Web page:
Inside Training Camp  

 

Seattle Seahawks training camp: Aerial attack about to take off?

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The road to success in the NFL begins each year with the hard work and wide-open possibilities of training camp. As teams around the league gear up for the 2015 campaign, NFL Media reporters will be checking in from all 32 camps around the league. For our next stop, Steve Wyche visits the Seattle Seahawks.

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The Seahawks train at the Virginia Mason Athletic Complex on Lake Washington in Renton. The scenery is great, but it was blazing in the Great Northwest. I'm not one to complain about the heat -- I love it -- but the Seattle area has never seen a hot spell like this before in recorded history -- and it was felt by those on the gridiron.

Observations

1) The Seahawks have more depth at receiver than they've had in years. In fact, a long-perceived area of weakness is suddenly one of legitimacy. Super Bowl star Chris Matthews is getting more run with the top-end rotation of Doug Baldwin and Jermaine Kearse, and the 6-foot-5, 218-pounder looks like he's building on his breakout performance on the game's biggest stage. Ricardo Lockette could be fighting for a roster spot with rookie Tyler Lockett, a smallish game breaker who could be used in the return game. Paul Richardson is coming off a knee injury and likely will start the regular season on PUP, but he is talented. There's also second-year wideout Kevin Norwood.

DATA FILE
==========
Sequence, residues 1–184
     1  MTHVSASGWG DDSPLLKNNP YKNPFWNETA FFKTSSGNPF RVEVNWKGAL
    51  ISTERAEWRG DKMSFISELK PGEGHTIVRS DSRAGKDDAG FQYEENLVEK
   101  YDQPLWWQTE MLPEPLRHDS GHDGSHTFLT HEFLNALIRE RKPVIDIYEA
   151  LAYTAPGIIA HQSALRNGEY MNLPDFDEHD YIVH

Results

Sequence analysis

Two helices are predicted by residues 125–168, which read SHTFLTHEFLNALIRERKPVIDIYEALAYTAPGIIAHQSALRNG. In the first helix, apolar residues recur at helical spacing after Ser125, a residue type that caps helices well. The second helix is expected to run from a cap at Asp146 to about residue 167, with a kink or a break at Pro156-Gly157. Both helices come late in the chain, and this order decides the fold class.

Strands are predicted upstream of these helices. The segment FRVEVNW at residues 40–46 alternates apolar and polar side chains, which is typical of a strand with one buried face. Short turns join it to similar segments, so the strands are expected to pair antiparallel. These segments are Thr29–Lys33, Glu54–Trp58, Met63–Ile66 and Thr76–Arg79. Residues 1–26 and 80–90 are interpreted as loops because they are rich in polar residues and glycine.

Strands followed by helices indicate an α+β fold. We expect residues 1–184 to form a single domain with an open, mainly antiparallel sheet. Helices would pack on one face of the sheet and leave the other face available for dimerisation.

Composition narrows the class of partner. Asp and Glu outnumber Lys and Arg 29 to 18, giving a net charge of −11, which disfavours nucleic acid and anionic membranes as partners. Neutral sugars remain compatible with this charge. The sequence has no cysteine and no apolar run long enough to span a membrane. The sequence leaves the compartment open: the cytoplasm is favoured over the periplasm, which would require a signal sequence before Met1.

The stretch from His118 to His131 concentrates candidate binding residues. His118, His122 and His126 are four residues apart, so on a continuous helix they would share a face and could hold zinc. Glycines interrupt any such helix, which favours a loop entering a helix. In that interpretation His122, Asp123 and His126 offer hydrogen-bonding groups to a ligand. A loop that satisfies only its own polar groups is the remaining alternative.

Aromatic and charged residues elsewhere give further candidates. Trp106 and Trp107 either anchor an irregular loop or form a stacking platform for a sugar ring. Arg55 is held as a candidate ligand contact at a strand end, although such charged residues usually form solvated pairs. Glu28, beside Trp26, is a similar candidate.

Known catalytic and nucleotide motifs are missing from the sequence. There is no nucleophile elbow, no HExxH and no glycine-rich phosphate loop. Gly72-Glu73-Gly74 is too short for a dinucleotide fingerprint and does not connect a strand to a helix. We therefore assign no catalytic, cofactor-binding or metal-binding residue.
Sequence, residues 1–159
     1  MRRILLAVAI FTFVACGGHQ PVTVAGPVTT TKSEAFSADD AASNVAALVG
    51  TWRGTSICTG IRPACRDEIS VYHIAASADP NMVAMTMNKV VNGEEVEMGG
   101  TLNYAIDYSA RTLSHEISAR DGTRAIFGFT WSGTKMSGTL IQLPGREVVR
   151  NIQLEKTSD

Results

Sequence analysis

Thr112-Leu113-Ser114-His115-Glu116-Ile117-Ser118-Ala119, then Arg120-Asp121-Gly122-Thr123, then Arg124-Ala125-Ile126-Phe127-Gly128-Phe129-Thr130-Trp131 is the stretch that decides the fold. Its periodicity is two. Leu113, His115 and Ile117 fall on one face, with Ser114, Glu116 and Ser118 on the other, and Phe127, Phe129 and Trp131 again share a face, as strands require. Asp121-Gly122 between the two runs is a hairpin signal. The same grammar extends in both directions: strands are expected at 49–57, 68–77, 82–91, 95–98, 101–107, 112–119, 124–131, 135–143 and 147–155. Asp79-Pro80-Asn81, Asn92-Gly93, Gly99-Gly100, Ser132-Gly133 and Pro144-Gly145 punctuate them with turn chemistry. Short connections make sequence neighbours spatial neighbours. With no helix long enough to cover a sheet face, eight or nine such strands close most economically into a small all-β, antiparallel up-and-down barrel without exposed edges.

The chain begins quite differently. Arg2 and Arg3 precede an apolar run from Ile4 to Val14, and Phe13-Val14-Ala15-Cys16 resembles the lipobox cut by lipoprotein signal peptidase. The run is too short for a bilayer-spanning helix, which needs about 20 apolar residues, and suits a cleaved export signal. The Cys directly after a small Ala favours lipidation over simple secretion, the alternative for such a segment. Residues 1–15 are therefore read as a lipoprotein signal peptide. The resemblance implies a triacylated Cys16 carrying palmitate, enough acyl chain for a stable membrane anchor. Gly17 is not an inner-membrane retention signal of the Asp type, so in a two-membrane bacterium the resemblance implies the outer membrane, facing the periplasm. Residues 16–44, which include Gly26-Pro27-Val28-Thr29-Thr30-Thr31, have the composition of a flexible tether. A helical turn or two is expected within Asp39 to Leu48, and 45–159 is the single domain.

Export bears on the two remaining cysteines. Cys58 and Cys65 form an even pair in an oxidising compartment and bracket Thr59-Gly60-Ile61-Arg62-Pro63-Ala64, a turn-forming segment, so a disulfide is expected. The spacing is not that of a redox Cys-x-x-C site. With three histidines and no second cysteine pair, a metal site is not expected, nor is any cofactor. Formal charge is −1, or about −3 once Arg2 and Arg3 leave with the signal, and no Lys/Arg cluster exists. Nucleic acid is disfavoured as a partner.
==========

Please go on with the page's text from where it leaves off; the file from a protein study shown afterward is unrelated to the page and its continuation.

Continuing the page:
2) With some bigger wide receivers, especially Matthews and Kearse, Seattle could use some jumbo receiver packages that include Jimmy Graham and Luke Willson. The Seahawks have shown such groupings in red-zone drills, and physically, it is difficult to match up against -- that's a lot of size that can run, jump and catch. Graham flashed this by snagging balls on sideline routes, deep routes and across the middle, even when covered.

New additions

Graham, acquired in a blockbuster trade with New Orleans, is the biggest name and talent among the new additions, but let's look at two other newcomers worth paying attention to ...

Cary Williams, CB: The veteran corner, who signed as a free agent, replaces Byron Maxwell, who left for big bucks in Philadelphia. Williams is a perfect fit for Seattle's scheme. He is long-limbed at 6-1, 190 pounds, and savvy at age 30. While Maxwell was a strong player for Seattle, Williams might provide a very high level of play at a much lower price tag.

Thomas Rawls, RB: Seattle's coaches have been raving about this undrafted rookie since offseason workouts. Rawls in no way is going to unseat Marshawn Lynch, but he very well could put pressure on Christine Michael and Robert Turbin for backup reps. Rawls finished his college career at Central Michigan and has the running style and body type -- 5-9, 215 (think DeAngelo Williams, physique-wise) -- Seahawks coaches love. It's all about whether he shows up in pads and during preseason games.

Overheard

"I am going to keep asking for more."

-- Defensive end Michael Bennett, who said he wants more money, more love from his wife and kids, more of everything you can think of.

Extra point

» Russell Wilson's agent, Mark Rodgers, said that one of the keys to striking the four-year, $87.6 million extension with Seattle was that Wilson would be in line for another new deal at age 31.

» The return of defensive tackle Brandon Mebane hasn't been discussed much, but him being back from season-ending hamstring surgery is huge. He'll take a measured approach while coming back during team drills, but Mebane told me he is good to go. Some opposing defensive coaches and personnel people have told me for years that Mebane is the player that stirs the hornets' nest that is Seattle's defense.

Follow Steve Wyche on Twitter @wyche89.

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